Editor's Note: This report is part of a continuing series offering advice to students at colleges and universities on how to be successful throughout their educational experience.
Every year, hundreds of thousands of young people enter higher education for the first time. So it might seem easy for new students to make friends, right?
Not always. College official Matt Couch admits that life at a college or university can be lonely sometimes. Couch is Associate Dean of Students at the Ohio State University in Columbus, Ohio.
Couch notes that many students, especially new ones, face a number of difficulties ahead of them. High school academics are usually less demanding than those at a college or university. So, high school students are likely to have succeeded with less effort than they will need in college, he says.
Most students have strong connections to their homes and the people they grew up with, he adds.
These issues are often combined with natural feelings of homesickness.
“If they don’t find someone that they connect with right away ... that can … lead to all kinds of issues,” Couch told VOA. “But at most college campuses, there’s … a life outside the classroom that’s really vibrant, and there're going to be people that share a common interest. It’s just a matter of finding them.”
Couch says the answer is joining student organizations. Almost every college and university in the United States supports a community of these groups to help students find other people with whom they can connect. Ohio State has around 1,400.
These groups can be based around almost any interest, like watching movies or creative writing. The ones that are less serious do serve the purpose of helping students meet people who enjoy the same things as them. For example, at one point the largest group at Ohio State was built around enjoying the kind of food known as barbecue. Couch suggests that those new friends can become the support system a student is missing back home.
But he also notes that the ones centered on a field of study can be even more helpful to students. Research has shown that involvement in these groups helps students’ academic performance and makes them more likely to graduate.
If an economics student joins a student-run economics group, he or she will meet on a usual basis with other students to discuss economics. Their group will likely invite experts in the field to their school to give presentations, or they might take trips to economics-linked events.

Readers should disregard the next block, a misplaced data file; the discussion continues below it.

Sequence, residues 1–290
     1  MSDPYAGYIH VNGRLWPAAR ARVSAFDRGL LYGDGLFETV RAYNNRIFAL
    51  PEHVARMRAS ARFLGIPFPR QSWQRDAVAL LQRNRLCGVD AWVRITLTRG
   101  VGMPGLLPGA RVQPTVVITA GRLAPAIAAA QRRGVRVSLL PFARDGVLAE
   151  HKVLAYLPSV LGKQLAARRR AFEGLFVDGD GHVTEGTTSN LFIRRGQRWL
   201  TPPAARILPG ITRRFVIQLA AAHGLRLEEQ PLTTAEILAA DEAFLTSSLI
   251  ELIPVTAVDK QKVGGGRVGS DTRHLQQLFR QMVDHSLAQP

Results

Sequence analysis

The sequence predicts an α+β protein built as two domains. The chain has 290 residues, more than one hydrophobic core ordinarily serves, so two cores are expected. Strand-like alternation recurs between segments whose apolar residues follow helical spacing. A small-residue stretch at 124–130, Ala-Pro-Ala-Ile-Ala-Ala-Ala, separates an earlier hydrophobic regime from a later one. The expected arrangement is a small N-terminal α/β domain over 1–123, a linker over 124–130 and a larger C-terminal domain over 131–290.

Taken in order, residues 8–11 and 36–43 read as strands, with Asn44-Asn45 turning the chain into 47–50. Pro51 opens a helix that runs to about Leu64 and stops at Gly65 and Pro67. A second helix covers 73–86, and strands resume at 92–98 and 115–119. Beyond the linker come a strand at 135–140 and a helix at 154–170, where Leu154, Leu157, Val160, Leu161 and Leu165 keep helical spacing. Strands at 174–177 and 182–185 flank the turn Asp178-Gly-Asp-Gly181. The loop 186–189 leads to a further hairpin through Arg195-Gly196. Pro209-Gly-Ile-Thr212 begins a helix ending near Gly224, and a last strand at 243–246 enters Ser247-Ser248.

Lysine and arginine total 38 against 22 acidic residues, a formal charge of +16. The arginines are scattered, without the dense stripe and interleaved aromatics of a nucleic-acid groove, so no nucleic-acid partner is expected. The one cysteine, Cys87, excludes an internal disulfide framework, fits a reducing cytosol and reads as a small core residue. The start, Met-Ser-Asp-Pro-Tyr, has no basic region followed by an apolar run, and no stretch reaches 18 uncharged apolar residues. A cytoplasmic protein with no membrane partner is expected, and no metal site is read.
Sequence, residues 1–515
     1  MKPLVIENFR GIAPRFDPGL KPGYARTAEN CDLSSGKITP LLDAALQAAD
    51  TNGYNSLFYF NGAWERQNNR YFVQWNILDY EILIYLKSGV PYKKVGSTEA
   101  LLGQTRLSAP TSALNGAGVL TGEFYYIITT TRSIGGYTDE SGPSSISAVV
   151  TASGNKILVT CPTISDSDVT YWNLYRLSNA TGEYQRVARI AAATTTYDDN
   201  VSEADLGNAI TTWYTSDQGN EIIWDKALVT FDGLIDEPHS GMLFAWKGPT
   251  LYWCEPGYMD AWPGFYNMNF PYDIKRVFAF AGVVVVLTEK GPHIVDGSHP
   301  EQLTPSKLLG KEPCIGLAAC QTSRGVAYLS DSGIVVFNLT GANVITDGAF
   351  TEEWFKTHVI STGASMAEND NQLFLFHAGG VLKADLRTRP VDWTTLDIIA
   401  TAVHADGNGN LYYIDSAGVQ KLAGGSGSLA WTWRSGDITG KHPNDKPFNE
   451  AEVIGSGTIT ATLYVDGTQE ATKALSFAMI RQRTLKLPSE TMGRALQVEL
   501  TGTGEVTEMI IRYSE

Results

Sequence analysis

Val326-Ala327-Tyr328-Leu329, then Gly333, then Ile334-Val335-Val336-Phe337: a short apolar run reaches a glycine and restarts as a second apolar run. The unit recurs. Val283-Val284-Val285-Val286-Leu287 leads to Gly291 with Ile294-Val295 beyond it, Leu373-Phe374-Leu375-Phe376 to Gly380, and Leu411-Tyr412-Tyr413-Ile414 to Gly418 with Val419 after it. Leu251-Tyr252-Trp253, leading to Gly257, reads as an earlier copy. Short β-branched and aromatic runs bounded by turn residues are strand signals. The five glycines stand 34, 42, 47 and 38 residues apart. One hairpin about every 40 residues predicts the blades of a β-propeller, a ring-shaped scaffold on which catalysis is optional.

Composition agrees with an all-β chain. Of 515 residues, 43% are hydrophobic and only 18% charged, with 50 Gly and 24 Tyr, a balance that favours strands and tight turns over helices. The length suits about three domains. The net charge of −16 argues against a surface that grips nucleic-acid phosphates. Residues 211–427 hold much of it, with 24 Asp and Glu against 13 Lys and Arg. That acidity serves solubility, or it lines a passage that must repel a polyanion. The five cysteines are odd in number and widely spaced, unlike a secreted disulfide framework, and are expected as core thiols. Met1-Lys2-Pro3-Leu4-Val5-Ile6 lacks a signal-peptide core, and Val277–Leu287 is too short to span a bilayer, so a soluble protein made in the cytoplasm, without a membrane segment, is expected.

In short, Couch notes, they are taking what they are learning in the classroom and making use of it in the real world. And that can be helpful later in life.
“When you’re involved, that’s going to give you experiences that you can draw upon for problem-solving and for relating to other people,” he said. “And … I think that employers are … more interested in students who have an extra dimension [to] their college experience.”
Couch urges students who cannot find a student group on their campus that interests them not to worry. Most colleges and universities make it fairly easy for students to start their own groups.
Usually there are rules governing the structure of those groups. For example, most schools require groups to meet a membership level. Also most groups must have a professor or other school employee to act as an accountable advisor.
Getting official approval as a group has some benefits. Often these groups receive financial support and services from the university.
Even if there is already an existing group that is somewhat similar to a student’s interests, that does not mean they cannot make their own group, Couch says.
Schools often have rules against making more than one of the exact same group. But administrators often approve the creation of groups that serve a smaller population, such as female African American engineers as opposed to engineers in general. That is because especially at larger colleges and universities, it can be harder for those people to find others sharing their exact experiences.
Couch argues that no matter what, students should join some kind of campus group, because he cannot imagine a complete college experience without them.
“It’s pretty rare in a person’s life to be in a community that has that much organization around … diverse ideas," he said. "And it could really be the best opportunity you’ll ever have to get some exposure to a new culture or new political ideas or to do service.”
I’m Pete Musto.
Pete Musto reported this story for VOA Learning English. Caty Weaver was the editor. We want to hear from you. What kinds of activities go on outside the classrooms at colleges and universities in your country? Write to us in the Comments Section or on our Facebook page.
Words in This Story
academics – n. courses of study taken at a school or college
campus(es) – n. the area and buildings around a university, college, school
vibrant – adj. having or showing great life, activity, and energy
graduate – v. to earn a degree or diploma from a school, college, or university
dimension – n. a part of something
accountable – adj. required to be responsible for something
benefit(s) – n. a good or helpful result or effect
diverse – adj. made up of people or things that are different from each other
opportunity – n. an amount of time or a situation in which something can be done
exposure – n. the fact or condition of being affected by something or experiencing something